Dropping the stories that block love

Healthy relationships are rooted in a healthy relationship with the self. If you do not believe you deserve love, are not capable of loving, or don’t know how to love, your relationships will tend to reflect those beliefs.


When you believe you are unworthy and incapable, you’ll interpret others actions and reactions as confirmation to your unworthiness or incapability. Confirmation bias is the tendency to interpret new evidence as confirmation of one’s existing beliefs or theories.
For example, for someone with abandonment issues, every argument is likely interpreted as their partner wants to leave, even if the partner reiterates repeatedly that they aren’t going anywhere. If the pattern isn’t disrupted, after awhile, the partner may begin to interpret the accusation as being pushed away and eventually leave, confirming the original belief that, “Everyone I love leaves me! I am not worthy of love.”


I have a friend who often says, “Truly, I don’t deserve you.” My friend doesn’t feel worthy of love and has said as much. There are plenty of stories that my friend has shared to justify this unworthiness. Telling those stories are what keeps my friend stuck. Regardless of how much proof there is to the contrary, my friends confirmation bias makes it impossible to belief. 


The stories are created as self-preservation in a specific moment in order to make sense out of a difficult situation. The story can become a belief if it is not unpacked in a healthy way. Therefore to simply drop the stories may feel like a betrayal to the self-preservation.
Dropping the story requires willingness and curiosity.


Willingness does not require the knowledge. Willingness means you are open to discovering an answer, information, a better path or story. Curiosity allows us to look at what we don’t want and use that as a springboard for what we do want, crafting a new story.


For my friend, if the top three blocks to love are unworthiness, shame and guilt, curiosity starts with exploring what would worthiness look like, feel like? What would like be like if my friend believed they were worthy of love, great friends, and healthy relationships? 
Take it even further. What would be the opposite of guilt and shame? Perhaps innocence. To get to innocence, perhaps some forgiveness work is necessary. I really enjoy this exercise I’ve adapted from the Ho’ono Pono Pono “prayer”.


Bring to mind one person with whom you feel a sense of guilt or shame. Take some time to write out all the reasons you feel guilt and shame. Lay it all out. This person will never read what you wrote. List all the ways they hurt you, everything that made you angry or disappointed. And equally important, list all the ways you are angry with yourself.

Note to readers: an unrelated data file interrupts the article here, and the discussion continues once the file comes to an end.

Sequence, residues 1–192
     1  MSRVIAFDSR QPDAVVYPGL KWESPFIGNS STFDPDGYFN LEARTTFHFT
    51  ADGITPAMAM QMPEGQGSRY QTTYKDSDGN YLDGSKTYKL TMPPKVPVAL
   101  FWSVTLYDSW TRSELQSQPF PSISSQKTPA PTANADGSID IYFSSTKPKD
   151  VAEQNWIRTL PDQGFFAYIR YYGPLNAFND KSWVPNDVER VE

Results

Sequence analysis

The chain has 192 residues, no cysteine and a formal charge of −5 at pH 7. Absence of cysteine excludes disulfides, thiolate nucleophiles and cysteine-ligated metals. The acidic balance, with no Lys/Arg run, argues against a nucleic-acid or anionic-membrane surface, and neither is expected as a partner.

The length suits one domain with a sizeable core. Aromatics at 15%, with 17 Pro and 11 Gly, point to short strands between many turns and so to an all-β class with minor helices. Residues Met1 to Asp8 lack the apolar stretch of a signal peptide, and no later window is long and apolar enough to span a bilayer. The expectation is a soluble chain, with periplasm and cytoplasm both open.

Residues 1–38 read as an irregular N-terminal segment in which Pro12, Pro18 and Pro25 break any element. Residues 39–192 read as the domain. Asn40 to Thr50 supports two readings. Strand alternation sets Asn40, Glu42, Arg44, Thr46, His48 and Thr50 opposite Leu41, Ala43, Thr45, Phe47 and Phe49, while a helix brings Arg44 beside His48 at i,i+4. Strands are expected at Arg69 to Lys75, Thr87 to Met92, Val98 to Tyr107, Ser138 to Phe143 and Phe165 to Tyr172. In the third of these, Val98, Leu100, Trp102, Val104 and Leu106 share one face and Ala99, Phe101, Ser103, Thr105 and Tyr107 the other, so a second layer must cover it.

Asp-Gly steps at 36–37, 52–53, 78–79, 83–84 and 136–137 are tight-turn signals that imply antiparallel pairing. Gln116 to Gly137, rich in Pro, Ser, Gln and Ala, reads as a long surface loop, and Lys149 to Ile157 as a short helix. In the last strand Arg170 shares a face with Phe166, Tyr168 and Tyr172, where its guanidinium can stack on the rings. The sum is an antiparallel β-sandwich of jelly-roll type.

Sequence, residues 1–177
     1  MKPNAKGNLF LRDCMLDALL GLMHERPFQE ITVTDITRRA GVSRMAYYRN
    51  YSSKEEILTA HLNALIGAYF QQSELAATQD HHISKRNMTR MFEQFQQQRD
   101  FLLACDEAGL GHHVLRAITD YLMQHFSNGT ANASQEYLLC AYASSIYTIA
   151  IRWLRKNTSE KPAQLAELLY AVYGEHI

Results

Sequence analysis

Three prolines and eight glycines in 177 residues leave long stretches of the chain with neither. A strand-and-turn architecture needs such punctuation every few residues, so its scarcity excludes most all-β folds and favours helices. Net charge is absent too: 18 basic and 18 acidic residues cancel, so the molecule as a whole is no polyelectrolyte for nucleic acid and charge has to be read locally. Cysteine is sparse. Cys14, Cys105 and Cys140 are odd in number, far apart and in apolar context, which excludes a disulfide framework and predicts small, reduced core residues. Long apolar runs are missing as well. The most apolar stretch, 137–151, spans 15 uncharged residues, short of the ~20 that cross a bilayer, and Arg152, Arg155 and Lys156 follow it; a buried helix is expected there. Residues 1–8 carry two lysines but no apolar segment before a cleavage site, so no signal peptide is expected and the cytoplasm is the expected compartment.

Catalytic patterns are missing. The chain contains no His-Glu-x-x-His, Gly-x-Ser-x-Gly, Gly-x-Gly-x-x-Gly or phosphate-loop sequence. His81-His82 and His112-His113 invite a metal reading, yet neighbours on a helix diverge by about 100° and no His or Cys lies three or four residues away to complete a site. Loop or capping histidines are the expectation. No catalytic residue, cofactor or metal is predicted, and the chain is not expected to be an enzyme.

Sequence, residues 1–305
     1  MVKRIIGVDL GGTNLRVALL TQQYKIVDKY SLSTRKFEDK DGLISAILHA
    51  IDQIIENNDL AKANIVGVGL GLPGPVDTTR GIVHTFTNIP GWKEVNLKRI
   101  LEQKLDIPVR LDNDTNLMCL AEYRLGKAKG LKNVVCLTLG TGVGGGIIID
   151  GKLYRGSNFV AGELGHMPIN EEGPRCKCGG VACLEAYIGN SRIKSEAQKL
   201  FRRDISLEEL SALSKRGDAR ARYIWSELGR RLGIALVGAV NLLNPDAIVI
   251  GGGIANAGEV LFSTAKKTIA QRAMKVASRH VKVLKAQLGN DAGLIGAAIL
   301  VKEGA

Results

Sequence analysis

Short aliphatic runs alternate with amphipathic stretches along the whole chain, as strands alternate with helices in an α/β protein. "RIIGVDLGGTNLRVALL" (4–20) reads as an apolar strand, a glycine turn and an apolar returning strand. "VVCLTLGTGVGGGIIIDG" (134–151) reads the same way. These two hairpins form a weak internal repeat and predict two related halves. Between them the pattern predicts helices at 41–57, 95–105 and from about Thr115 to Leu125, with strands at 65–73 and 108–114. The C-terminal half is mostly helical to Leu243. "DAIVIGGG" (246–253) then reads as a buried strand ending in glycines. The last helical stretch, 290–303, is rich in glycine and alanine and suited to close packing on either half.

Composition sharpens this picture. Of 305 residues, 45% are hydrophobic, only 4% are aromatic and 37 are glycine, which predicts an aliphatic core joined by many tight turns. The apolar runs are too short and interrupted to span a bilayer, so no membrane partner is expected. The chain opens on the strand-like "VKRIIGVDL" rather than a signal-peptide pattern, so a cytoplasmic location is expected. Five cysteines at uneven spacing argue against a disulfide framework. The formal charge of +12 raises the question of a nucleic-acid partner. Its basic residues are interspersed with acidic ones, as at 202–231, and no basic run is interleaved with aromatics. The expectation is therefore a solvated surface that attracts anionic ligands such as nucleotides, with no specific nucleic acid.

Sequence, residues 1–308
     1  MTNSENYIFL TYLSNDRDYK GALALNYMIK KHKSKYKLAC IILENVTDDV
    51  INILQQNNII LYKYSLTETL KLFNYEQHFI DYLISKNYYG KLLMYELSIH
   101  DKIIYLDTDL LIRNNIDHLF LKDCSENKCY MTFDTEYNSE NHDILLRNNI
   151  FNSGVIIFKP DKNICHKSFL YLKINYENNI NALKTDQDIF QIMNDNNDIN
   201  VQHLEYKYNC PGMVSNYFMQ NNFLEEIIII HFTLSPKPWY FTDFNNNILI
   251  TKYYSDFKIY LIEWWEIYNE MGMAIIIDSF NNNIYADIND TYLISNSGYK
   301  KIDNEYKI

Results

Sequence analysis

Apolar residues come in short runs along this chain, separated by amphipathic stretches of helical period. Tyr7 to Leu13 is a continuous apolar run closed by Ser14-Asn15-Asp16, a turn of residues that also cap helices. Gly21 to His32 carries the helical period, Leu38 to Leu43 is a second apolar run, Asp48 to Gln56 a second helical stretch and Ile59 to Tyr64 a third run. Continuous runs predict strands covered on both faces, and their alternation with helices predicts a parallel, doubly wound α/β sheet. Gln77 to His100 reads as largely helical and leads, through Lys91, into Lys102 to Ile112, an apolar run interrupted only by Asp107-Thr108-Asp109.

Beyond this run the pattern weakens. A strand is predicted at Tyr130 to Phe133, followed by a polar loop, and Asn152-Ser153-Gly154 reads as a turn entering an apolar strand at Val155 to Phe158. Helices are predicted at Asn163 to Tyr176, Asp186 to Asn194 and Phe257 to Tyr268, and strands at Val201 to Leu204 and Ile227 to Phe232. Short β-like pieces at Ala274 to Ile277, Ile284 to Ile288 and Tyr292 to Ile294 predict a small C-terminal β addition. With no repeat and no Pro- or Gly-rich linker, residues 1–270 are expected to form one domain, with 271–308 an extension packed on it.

When that feels complete, center yourself with a few calming breathes. Bring to mind the essence of the person with whom you need to do the clearing. Imagine them standing in front of you. Look the person in the eyes. Look beyond their human form into their essence. They have a core that connects to the universe and all who are in it. 


You are looking into that raw space inside of them that they try to protect with their armor or walls. Remember, bad behavior is the language of the wounded. Tell them, “I forgive you.” Then share what you forgive. There is no reason to hold back. This is your time to let go of everything. What hasangered you, saddened you, caused you fear? If they’ve done no harm to you, focus on all the things you’re now ready to forgive yourself for. List it all. Let it go.


Now thank this person if for no other reason than for agreeing to help you on this journey through this process of growth. Pain is an awesome teacher. Thank this person for the being in this space and time, for that lesson. What else about this person are you grateful for? Gratitude is incredibly powerful. It is how to super-size your healing. When you express gratitude, you are telling the Universe that you are open to receiving. That is why gratitude is a part ofthis process. Take some time to then turn the gratitude towards yourself.


Tell the person you are sorry. Own your responsibility in the situation. We often remain energetically bonded through our victimhood by repeating the story, casting blame, shame and guilt, or even by holding onto anger. Acknowledging your role helps you break free. What else are you sorry for? Now go through the apologies to yourself. In what ways have you held yourself back as a result of this, used it to get sympathy or block love? Let yourself go deep here.


Finally, say, “I love you.” This could be the hardest part. You are not agreeing to forget, nor are you agreeing to like the person or even re-engage in any form of relationship with the person. You are not loving their actions or behavior. Loving the essence of the person allows you space to love yourself, to heal yourself, and consequentially, heal others. This is critical. Of course, you also need to turn that love on yourself. 


Can you imagine the highest, best, purest version of you, your essence, turning to the wounded, flawed, story-bound version of you and saying, “I love you. I really, really love you. Nothing you’ve done has ever hurt me, diminished me. I am here. I approve of you. I believe in you. I love you.” For some of you reading this, that one tiny piece may have just cracked something open in your soul. I hope so, at least. You deserve it.


Every day, put that new story you’re creating, the one aligned with love in full view. When you look in the mirror, repeat it. (My friend my say, “You are worthy. I love you.”) Start acting as if it is true. The mere action of acting as if will be a game changer. Start seeking confirmation for this new belief and story. You’ll find it if you go looking. 

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